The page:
A simple answer to the latter question is 'yes' and the former 'no.' Assuming your cat is healthy in all other respects (something that should be ascertained by your veterinarian prior to the procedure), surgery should not pose any significant complications and can actually prevent a number of health issues that unspayed females may be prone to, such as uterine infections. However, the procedure is always safer and easier for both surgeon and pet if done at a young age. Besides, it also would have prevented the decade of unwelcome 'singing' that you have been exposed to, not to mention a potential outdoor misadventure that may have contributed to the pet overpopulation problem.
So my response question would be, 'Why has it taken you so long to come to this decision?'
Dear Dr. Walt: I inherited a friend's 1-year-old black lab puppy when they left the country. She is a lovely dog with a great temperament and very rarely barks. However, when she is left alone in the house she starts barking, chewing the furniture, and urinating on the carpet. I have tried leaving the house for short periods and returning, I don't make a fuss when I leave or return, but we've only made it about 10 minutes before 'panic' starts. Help!
I admire your commitment to address the behavioural issues you are facing and happy to hear that some progress is being made. As is often the case for many behavioural problems, progress is a series of many 'baby steps'. What you describe is a condition commonly referred to as separation anxiety. It is complex in its origin and generally requires both pharmaceutical and behavioural modification to control or correct. However, much like the condition itself, treatment is complex and your chance for a successful outcome can be improved by employing the expertise of a veterinary behaviourist - an individual specialized through additional training to specifically deal with problems having a behavioural basis.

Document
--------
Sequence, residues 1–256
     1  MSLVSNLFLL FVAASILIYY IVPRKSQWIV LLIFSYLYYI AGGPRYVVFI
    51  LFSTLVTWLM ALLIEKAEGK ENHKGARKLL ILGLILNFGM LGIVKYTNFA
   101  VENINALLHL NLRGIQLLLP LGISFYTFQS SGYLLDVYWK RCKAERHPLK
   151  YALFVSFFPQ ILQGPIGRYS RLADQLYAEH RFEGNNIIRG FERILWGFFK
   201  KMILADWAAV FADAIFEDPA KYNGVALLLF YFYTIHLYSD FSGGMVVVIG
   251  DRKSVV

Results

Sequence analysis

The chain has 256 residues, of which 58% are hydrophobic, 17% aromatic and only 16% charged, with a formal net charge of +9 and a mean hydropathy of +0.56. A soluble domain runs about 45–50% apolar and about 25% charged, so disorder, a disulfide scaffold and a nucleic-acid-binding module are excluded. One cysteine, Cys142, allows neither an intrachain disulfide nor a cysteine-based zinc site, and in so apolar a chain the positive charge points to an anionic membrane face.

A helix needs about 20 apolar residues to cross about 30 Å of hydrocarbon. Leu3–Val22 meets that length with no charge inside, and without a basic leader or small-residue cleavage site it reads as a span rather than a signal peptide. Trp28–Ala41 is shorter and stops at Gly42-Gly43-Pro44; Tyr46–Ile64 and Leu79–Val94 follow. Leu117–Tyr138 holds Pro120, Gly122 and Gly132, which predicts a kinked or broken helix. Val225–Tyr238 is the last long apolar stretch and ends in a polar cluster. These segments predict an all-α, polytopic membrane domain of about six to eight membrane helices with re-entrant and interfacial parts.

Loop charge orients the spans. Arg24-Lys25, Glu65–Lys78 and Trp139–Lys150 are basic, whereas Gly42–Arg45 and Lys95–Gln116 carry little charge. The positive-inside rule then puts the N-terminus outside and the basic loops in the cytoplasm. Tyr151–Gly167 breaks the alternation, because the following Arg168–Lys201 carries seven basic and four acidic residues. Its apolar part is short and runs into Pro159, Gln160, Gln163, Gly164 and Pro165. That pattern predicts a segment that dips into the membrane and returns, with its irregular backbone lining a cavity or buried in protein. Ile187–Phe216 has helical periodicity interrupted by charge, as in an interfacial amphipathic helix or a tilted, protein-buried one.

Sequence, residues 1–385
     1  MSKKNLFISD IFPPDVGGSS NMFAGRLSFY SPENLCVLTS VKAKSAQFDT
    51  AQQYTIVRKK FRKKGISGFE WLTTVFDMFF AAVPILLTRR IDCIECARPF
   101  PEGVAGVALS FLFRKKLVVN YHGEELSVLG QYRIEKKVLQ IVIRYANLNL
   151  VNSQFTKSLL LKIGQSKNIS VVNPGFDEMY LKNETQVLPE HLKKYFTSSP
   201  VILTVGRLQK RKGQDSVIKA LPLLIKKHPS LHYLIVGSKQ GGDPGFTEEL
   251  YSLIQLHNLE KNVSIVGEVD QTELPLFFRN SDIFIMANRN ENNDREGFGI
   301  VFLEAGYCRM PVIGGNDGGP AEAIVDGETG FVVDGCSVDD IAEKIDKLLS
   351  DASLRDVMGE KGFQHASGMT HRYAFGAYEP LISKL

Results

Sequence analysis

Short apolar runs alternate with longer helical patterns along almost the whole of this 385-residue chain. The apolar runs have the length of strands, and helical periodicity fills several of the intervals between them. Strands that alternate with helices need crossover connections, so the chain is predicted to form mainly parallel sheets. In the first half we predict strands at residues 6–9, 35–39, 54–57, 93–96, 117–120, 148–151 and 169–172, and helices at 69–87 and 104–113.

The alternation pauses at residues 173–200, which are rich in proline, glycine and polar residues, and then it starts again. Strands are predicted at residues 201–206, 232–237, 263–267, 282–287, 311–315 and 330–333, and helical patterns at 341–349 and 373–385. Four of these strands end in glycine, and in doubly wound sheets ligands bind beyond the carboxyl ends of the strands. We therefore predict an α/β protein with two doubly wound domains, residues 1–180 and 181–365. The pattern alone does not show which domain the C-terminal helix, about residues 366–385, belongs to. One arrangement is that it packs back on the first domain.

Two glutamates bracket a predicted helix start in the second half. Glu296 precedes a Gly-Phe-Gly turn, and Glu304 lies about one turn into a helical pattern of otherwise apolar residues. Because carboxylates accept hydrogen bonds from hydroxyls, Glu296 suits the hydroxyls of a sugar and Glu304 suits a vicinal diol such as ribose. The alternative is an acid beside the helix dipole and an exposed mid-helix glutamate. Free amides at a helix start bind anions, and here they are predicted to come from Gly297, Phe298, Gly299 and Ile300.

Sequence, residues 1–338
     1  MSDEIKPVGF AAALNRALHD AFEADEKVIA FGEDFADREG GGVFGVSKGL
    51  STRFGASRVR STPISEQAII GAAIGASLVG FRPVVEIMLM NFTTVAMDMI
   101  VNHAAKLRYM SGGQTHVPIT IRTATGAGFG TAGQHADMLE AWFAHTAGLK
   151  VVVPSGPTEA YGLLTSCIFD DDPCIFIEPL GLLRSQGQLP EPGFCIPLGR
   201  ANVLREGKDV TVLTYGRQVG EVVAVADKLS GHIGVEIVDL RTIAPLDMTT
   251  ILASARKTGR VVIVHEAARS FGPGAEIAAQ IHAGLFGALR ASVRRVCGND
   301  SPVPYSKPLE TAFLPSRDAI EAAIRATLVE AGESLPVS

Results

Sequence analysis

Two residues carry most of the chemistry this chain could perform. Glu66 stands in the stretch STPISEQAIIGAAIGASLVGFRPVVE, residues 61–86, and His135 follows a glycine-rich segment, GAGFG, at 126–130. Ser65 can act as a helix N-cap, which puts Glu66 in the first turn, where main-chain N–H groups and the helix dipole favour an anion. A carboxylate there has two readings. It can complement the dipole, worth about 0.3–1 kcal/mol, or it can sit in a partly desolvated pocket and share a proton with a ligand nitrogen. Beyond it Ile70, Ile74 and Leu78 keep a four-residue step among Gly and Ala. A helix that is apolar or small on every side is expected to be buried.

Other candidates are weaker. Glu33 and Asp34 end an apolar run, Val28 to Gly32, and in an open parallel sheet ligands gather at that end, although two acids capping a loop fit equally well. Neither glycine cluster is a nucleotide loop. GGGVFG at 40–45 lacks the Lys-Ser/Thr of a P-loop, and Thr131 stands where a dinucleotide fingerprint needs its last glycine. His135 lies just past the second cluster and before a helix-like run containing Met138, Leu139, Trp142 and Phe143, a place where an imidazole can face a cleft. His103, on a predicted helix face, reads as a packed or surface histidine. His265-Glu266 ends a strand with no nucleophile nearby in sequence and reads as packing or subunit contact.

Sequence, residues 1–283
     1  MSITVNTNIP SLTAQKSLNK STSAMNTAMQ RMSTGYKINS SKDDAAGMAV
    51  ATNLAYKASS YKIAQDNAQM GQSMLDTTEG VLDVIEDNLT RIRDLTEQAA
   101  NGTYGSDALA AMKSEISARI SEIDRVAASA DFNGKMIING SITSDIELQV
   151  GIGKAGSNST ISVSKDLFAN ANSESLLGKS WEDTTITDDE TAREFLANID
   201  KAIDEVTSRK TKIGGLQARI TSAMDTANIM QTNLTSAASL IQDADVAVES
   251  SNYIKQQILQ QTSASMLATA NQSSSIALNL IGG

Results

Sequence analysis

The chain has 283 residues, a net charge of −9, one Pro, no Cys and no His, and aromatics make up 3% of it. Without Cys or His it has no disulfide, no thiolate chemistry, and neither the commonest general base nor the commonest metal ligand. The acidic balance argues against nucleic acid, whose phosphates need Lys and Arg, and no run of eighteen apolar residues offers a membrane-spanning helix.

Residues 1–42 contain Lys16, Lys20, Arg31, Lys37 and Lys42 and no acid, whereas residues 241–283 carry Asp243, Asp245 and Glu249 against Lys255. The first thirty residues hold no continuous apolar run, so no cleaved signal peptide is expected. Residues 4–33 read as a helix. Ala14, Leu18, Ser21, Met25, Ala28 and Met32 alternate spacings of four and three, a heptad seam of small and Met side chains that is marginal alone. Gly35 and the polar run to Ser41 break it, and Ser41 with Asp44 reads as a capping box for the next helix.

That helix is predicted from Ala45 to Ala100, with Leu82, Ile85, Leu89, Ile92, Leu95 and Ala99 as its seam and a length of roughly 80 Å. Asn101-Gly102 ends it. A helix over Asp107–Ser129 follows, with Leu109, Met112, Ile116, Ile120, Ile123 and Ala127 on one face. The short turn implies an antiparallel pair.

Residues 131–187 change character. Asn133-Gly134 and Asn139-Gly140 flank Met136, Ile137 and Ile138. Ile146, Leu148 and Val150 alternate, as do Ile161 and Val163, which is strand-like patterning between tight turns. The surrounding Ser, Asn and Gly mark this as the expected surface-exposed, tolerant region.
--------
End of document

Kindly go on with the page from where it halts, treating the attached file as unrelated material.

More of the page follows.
Therefore my recommendation would be to have your veterinarian evaluate for potential contributing medical conditions and, if none, then seek a referral for you and your puppy to a veterinary behaviourist. Best of luck!
About Dr. Walt Ingwersen
Dr. Walt Ingwersen is Chief Veterinary Officer at PetCare Insurance Brokers Ltd PetCare Insurance Brokers Ltd. He is a 1982 graduate of the Ontario Veterinary College. Board certified in Internal Medicine, he has the distinction of being the first Canadian editor of the Journal of the American Animal Hospital Association, a position he currently holds.
Involved in many aspects of the national and international veterinary community, "Dr. Walt" is the recipient of the President's Award for outstanding contribution to the veterinary profession awarded by the Canadian Veterinary Medical Association (CVMA). He is also Chief Veterinary Officer and Chairman of the Veterinary Advisory Board at PetCare Insurance Brokers Ltd. -- Canada's leading provider of insurance for dogs and cats.